Valdovo atvaizdas Lietuvos tautodailininkų medžio drožyboje

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Mokslo publikacijos / Scientific publications
Document Type:
Straipsnis / Article
Lietuvių kalba / Lithuanian
Valdovo atvaizdas Lietuvos tautodailininkų medžio drožyboje
Alternative Title:
Image of the ruler in the wood carvings of Lithuanian folk artists
In the Journal:
Acta Academiae Artium Vilnensis [AAAV]. 2012, t. 65-66, p. 411-434. Lietuvos kultūros karališkasis dėmuo: įvaizdžiai, simboliai, reliktai
Vilnius. Vilniaus kraštas (Vilnius region); Lietuva (Lithuania); Liaudies menas / Folk art; Šventieji / Saints; Bajorai. Didikai. Valdovai / Gentry. Nobles. Kings.
Summary / Abstract:

LTStraipsnyje pirmą kartą aptariama Lietuvos valdovų ikonografija tautodailininkų medžio drožyboje. Nagrinėjami šventojo valdovo (šv. Kazimiero) ir Lietuvos didžiųjų kunigaikščių (Vytauto, Mindaugo, Gedimino, Kęstučio, Jogailos, Algirdo) atvaizdai, sukurti nuo Atgimimo pradžios (XX a. 9 deš. pab.) iki dabar. Analizuojami pagrindiniai atributai ir ženklai, identifikuojantys vieną ar kitą valdovą, nurodomi ikonografiniai sukurtų atvaizdų šaltiniai, atskleidžiami būdingiausi valdovų vaizdavimo medžio drožyboje bruožai. [Iš leidinio]Reikšminiai žodžiai: Tautodailininkai; Medžio drožėjai; Lietuvos didieji kunigaikščiai; Šv. Kazimieras; Folk artists; Wood carvers; Grand dukes of Lithuania; St. Casimir.

ENContemporary folk artists sculptors and wood carvers do not avoid portraying historic themes and historical personalities in their creations. Images of the rulers of Lithuania comprise a significant amount of it. Most frequently the only one sacred ruler of Lithuania is portrayed - St. Casimir. Also, sculptures of grand dukes have been created, especially those of Mindaugas and Vytautas the Great. Important events related to rulers, or their family members have been carved quite rarely. In the paper the iconography of the rulers of Lithuania in the works of folk artists is discussed for the first time. The images of the sacred ruler St. Casimir and the grand dukes of Lithuania (Vytautas, Mindaugas, Gediminas, Kęstutis, Jogaila, Algirdas), which were created from the beginning of the Rebirth (9th decade of the 20th century) until now, are examined. When creating St. Casimir's sculptures folk artists refer to the established iconography, using the canonical pose, gestures and attributes. However, at present, unlike the traditional folk sculpture, a greater emphasis is paid not on St. Casimir's piety, but to reveal his image as a patron of Lithuania. Lithuanian grand dukes are often depicted by one composite scheme, inherited from the interwar monuments to Vytautas the Great - a standing armoured knight with a sword in one hand and a shield in the other. Often these attributes are accompanied by one or more signs of a ruler (the crown, scepter, and the reigns apple). Therefore, the sculptures of dukes arc characterized by the uniting of two images - hero and king. Although, sometimes only the image of the ruler is highlighted in the sculptures of dukes.Vytautas and Mindaugas are depicted in this way. And only one king - Jogaila is never depicted as heroi. Folk artists seek to give portrait likeness to each of the duke's images. For this reason they introduce some attributes, signs, and symbols specific only to one or another ruler, and sometimes use records. Certain signs characterizing the epoch or residence of the duke are found in almost all depictions of certain rulers, such as, the legend of the founding of Vilnius (wolf and Gediminas' Castle Tower) for Grand Duke Gediminas; monogram, date of baptism or the coronation, the royal crown, scepter, reign's apple - for Mindaugas; ducal crown, royal robe, the coat of arms of Lithuanian Grand Duke for Vytautas; royal crown, the reigns apple - for Jogaila. Only Kęstutis and Algirdas images are lacking customized attributes. Trying to get portrait likeness wood carvers, as a visual basic source, use the reproductions, duplications or under them redrawn illustrations of portraits of the dukes in various popular publications and on the Internet. Usually they follow illustrations of the A. Guagnini chronicle "A Description of Sarmatian Europe" (1578) and their remakes; they also use reproductions of Vytautas portraits from the 17th-18th centuries and reproductions of portraits by J. Matejko and A. Penkowski. [From the publication]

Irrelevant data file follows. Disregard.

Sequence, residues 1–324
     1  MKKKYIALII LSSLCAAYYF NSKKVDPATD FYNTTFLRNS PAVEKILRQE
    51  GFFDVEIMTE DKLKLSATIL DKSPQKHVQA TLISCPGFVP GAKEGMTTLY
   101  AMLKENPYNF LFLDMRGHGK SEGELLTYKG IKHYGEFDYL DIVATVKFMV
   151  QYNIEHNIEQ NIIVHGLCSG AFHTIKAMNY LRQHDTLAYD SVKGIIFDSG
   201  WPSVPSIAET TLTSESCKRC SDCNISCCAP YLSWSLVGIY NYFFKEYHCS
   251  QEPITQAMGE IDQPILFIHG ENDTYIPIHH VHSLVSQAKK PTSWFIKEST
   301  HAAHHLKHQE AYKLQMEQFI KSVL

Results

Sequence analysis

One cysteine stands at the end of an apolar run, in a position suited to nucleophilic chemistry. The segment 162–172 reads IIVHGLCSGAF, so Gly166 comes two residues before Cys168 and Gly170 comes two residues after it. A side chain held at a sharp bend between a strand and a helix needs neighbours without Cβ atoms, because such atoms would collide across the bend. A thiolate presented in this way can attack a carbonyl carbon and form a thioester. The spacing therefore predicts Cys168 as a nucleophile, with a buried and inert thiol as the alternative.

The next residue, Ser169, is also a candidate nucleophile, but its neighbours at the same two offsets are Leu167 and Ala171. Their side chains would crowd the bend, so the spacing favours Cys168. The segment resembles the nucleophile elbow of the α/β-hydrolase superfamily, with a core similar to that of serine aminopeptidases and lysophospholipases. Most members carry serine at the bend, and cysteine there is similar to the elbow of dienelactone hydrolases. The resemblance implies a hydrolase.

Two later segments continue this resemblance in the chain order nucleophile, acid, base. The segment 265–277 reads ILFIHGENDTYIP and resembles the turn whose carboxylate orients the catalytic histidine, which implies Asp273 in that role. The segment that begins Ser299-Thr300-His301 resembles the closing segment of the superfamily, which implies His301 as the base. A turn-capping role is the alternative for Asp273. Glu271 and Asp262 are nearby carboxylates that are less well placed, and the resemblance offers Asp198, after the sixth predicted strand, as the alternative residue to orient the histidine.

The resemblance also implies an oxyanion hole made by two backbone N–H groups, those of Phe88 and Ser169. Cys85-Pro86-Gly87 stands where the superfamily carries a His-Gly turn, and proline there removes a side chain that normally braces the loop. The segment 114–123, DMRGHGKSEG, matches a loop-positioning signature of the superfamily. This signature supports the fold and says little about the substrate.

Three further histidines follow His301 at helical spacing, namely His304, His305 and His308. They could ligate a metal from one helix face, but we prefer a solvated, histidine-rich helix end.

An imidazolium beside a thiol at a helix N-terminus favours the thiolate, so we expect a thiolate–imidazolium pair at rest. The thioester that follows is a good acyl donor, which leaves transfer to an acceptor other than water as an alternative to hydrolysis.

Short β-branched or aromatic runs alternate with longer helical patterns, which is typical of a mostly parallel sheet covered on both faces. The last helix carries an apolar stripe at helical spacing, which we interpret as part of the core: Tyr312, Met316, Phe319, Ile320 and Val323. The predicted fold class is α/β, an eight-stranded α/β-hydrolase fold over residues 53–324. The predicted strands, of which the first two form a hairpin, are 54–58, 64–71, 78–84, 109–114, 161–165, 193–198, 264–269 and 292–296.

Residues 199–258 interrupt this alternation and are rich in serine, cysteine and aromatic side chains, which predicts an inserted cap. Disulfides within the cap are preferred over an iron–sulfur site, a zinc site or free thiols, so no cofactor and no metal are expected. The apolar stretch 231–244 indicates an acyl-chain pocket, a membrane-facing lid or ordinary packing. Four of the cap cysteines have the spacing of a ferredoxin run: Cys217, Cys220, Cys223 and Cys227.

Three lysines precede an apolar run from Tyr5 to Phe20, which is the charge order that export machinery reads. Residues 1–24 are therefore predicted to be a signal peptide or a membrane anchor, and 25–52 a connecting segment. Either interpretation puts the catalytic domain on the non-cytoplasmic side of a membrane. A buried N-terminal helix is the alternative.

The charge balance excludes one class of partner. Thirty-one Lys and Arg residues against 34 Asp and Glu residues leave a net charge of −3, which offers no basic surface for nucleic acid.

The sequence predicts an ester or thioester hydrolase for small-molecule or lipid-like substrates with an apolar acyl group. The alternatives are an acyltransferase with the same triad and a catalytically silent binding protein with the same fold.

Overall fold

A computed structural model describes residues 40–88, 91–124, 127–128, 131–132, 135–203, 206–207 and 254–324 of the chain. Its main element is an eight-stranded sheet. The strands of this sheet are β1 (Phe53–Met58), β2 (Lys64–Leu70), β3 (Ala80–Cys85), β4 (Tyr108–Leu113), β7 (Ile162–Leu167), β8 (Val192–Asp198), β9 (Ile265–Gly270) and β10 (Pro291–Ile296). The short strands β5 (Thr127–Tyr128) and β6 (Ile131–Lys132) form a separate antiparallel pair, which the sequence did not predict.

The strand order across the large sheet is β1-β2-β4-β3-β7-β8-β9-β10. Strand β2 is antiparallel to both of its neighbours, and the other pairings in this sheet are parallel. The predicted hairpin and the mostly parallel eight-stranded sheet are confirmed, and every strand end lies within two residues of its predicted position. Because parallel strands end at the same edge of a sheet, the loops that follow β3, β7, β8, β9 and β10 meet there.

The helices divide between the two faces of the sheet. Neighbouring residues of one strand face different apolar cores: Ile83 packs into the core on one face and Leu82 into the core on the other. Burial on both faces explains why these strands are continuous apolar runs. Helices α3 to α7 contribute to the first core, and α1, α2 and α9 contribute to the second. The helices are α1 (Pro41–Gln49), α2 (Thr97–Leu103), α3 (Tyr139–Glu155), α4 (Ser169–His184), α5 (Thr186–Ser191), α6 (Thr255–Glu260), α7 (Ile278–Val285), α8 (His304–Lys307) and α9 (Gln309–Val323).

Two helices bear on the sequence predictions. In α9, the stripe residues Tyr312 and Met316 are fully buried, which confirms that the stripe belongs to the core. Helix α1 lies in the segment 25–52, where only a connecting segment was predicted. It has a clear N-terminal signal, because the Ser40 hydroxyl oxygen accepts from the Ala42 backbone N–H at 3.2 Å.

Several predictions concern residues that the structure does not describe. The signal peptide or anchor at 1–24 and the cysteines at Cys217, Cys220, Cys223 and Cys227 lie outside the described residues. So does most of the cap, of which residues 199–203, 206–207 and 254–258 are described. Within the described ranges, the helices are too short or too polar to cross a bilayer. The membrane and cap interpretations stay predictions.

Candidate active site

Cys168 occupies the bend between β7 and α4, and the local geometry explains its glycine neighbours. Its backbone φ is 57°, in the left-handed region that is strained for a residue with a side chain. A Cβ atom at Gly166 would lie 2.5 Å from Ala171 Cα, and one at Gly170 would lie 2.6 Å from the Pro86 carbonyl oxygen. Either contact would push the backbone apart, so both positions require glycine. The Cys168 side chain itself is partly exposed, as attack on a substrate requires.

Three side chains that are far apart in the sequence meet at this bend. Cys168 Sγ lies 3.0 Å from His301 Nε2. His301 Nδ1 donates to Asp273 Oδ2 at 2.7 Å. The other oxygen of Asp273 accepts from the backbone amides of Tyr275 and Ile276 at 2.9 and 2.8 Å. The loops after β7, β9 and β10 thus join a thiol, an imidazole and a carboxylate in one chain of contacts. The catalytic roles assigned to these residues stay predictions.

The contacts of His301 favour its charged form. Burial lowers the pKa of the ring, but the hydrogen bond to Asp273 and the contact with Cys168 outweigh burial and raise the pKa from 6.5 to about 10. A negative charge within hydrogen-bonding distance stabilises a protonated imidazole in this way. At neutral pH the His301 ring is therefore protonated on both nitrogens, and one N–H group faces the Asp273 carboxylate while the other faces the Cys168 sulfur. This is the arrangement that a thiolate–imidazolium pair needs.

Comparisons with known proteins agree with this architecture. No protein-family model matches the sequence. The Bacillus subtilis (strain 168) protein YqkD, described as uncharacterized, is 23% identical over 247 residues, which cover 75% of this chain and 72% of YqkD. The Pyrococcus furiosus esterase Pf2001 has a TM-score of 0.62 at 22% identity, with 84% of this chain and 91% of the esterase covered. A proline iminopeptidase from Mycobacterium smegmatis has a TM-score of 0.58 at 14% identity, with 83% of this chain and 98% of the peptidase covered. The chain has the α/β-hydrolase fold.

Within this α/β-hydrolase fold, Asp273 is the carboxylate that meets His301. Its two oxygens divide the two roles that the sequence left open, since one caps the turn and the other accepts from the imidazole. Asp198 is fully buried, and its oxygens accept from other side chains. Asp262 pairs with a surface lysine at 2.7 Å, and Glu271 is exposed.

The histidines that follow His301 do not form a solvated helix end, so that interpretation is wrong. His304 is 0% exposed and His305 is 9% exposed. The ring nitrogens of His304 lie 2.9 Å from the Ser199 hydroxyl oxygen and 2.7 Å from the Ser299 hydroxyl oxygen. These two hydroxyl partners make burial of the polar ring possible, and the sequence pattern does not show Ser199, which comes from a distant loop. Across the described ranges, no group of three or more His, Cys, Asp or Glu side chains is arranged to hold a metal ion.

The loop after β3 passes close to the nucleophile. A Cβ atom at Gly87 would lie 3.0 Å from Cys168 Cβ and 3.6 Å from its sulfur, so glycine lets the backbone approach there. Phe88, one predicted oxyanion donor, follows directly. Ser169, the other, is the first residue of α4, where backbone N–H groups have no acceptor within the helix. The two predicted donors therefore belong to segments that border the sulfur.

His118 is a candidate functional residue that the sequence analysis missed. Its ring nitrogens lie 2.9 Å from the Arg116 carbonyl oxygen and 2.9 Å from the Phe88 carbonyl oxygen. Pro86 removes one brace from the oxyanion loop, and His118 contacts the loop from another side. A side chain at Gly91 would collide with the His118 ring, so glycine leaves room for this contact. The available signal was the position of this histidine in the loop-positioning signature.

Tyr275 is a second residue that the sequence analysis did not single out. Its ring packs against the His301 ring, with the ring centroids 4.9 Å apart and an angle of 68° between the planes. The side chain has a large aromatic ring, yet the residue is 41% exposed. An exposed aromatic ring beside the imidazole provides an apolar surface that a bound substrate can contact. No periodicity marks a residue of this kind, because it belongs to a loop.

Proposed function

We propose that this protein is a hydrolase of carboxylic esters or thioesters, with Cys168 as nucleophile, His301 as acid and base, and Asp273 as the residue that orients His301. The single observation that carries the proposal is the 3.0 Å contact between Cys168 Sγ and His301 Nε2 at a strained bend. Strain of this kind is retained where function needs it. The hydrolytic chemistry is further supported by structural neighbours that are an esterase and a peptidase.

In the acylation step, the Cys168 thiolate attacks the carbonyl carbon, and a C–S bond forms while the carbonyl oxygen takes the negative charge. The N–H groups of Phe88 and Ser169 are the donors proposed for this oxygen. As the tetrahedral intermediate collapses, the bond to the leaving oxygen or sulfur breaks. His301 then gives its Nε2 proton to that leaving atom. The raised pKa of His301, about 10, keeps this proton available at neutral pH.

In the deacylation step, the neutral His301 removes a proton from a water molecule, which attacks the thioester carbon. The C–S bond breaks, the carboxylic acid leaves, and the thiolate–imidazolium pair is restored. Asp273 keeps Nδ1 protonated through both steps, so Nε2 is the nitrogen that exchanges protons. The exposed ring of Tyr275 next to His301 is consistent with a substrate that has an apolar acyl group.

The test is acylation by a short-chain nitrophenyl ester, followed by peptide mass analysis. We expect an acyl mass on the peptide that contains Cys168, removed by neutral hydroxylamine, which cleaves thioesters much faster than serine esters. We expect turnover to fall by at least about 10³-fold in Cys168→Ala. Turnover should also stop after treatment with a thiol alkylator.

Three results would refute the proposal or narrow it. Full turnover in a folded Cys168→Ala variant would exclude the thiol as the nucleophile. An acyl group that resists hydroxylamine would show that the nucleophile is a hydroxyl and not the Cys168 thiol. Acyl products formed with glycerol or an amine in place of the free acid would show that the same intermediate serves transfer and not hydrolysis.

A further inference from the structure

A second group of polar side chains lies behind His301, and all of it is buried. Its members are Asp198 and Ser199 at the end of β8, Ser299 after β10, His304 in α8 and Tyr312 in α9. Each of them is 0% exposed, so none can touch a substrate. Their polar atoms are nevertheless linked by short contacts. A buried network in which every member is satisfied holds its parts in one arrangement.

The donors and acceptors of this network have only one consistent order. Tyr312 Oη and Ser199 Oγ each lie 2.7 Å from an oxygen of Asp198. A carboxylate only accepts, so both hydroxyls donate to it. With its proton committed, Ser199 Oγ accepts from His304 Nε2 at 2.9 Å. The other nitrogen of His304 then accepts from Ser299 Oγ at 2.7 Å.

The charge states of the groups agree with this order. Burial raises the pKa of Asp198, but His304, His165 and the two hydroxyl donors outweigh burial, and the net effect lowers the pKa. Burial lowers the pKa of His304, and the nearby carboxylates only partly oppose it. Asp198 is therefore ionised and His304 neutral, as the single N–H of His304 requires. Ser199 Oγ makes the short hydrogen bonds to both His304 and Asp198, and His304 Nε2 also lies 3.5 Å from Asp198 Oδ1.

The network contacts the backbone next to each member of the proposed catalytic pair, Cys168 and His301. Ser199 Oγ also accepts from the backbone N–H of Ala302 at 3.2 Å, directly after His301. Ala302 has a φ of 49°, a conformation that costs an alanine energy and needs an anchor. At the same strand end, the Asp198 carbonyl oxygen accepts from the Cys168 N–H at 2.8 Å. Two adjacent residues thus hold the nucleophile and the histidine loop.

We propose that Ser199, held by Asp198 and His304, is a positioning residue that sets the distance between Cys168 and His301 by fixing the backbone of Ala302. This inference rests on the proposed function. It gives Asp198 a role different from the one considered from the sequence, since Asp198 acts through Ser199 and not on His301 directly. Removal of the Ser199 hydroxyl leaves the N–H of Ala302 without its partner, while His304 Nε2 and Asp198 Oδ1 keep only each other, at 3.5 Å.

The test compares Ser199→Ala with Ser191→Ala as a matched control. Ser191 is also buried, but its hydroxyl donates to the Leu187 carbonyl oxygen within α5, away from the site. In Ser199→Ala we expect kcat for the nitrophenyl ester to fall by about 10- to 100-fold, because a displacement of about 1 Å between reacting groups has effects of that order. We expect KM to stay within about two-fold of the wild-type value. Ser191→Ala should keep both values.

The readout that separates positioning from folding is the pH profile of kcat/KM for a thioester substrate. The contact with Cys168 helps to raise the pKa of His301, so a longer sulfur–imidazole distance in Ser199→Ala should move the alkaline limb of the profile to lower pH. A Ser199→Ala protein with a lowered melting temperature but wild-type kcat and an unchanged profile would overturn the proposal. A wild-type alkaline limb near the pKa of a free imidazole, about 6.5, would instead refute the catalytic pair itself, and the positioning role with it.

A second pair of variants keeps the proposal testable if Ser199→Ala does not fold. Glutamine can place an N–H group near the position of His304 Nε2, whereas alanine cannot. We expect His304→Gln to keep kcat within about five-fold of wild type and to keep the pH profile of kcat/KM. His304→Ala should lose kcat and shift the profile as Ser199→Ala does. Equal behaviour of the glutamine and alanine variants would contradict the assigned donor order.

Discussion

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2018-12-17 13:32:01
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